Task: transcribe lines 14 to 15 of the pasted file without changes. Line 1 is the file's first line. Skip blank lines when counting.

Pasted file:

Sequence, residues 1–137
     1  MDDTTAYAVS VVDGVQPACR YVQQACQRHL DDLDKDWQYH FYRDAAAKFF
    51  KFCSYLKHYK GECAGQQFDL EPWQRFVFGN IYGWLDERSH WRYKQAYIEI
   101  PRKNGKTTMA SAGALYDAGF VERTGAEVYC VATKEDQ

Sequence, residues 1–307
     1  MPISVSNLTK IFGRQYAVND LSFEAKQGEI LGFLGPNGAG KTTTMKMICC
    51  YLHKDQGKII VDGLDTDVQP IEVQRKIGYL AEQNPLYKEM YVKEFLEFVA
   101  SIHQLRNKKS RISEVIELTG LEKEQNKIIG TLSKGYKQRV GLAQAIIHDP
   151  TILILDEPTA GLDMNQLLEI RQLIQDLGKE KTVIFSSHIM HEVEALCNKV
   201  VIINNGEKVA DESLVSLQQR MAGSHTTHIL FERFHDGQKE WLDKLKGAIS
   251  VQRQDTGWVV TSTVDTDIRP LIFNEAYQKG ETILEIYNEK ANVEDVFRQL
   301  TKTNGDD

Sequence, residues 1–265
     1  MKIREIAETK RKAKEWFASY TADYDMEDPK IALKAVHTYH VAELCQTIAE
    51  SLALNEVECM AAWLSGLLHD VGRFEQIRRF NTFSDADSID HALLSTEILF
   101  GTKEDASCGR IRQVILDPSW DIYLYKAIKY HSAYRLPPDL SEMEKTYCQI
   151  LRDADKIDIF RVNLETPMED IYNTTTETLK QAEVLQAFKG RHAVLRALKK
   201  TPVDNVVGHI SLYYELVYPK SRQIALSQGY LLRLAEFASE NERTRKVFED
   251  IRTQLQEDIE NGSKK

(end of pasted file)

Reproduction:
     1  MKIREIAETK RKAKEWFASY TADYDMEDPK IALKAVHTYH VAELCQTIAE
    51  SLALNEVECM AAWLSGLLHD VGRFEQIRRF NTFSDADSID HALLSTEILF